Monday, June 1st, 2020

Fifty-Two Week Moving Average in Options Trading


Options traders can use the fifty-two week moving average to decide whether puts or calls are a better approach to trading a given stock. The fifty-two week moving average helps spot both support and resistance levels. The fifty-two week moving average or moving averages for longer terms also help you see when a secondary trend is occurring within a primary trend or when a primary trend is occurring within a secular trend. For quick reference here is a breakdown of these trends:

  • A secular trend lasts more than five years.
  • A primary trend lasts for more than a year but less than five.
  • A trend that lasts for a few weeks or months but less than a year is called a secondary trend.

There are various options trading strategies. All of them depend upon successful analysis of the market for their success. One is to use the fifty-two week moving average and here is how it works.

Daily Prices and Market Average

All too often the price action of a stock resembles a set of random numbers. One of the ways to make sense of what can look like gibberish is to use a moving average. A 52 week moving average shows you where a stock is headed despite often confusing fluctuations. The moving average helps define the likely limits to stock price within a given range. Thus an options trader can feel assured than when he buys calls or puts that he is on the track toward profits and not simply giving away the price of the options contract.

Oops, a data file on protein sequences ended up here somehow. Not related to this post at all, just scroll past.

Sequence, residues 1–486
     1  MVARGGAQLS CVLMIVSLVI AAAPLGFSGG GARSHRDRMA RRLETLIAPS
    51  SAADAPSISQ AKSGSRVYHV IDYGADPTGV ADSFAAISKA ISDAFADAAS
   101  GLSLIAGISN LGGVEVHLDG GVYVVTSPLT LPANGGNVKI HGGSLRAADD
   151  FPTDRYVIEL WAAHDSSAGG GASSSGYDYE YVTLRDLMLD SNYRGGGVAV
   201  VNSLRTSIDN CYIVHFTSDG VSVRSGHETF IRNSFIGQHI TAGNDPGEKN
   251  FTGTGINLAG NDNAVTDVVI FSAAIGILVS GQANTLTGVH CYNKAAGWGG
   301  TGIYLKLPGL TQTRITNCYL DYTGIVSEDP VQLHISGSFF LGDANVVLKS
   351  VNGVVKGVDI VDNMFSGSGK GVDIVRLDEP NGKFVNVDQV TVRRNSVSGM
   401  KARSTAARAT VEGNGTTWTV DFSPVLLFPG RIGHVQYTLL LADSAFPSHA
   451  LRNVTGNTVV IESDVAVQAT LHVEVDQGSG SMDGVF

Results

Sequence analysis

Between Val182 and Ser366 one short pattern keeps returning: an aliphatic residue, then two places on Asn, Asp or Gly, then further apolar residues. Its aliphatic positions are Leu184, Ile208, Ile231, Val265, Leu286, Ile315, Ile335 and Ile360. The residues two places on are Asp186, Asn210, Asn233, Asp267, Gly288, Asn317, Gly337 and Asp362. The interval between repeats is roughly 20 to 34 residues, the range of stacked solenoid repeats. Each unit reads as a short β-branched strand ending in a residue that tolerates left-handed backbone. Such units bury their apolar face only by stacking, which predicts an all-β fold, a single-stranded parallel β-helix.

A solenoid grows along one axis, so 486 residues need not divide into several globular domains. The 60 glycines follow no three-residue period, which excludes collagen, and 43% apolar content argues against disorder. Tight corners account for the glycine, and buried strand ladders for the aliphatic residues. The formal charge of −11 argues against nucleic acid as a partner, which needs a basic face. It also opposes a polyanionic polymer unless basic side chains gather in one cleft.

Calculating the 52 week moving average of a stock:

Calculate the sum of the middle price for each day of trading for each trading day for the last fifty-two weeks. Divide this number by the number of days of trading. Then calculate this for every day by removing the earliest day and adding the day just past.

Superimpose the moving average for the last 52 weeks on the same chart as daily stock prices. When the current trading range lies above the average, the average line to be a support level below which prices are unlikely to drop. When the current trading range lies below the average, this average to be a resistance level above which the price of the stock is unlikely to rise. This is a technical analysis technique that can be effective even when the trader does not consult the fundamentals that drive prices. This is a method that helps exploit market inefficiencies. Often times the most profitable option trade is simple and based on the perspective that one gains from looking at a moving average.

Trends within Trends, the Russian Dolls

Sometimes the market makes more sense when you think of price patterns being nested on within another. Think of the carved Russian dolls that are nested one within another. If you are looking at the third one in you are not getting the whole picture. If you are looking at a two month long trend this is a secondary trend and you will want to look at the fifty-two week moving average to see if the current trend runs counter to the prevailing trend. Also look at the last year or two. If fundamentals have really changed then you may really be in a new trend that will take over. However, when fundamentals have not changed you are probably seeing a short term trend. Then you can often profit by taking what may seem to be a contrarian approach and trading against the current, short trend. This can be especially effecting when timing options sales or purchases in an uncertain market.

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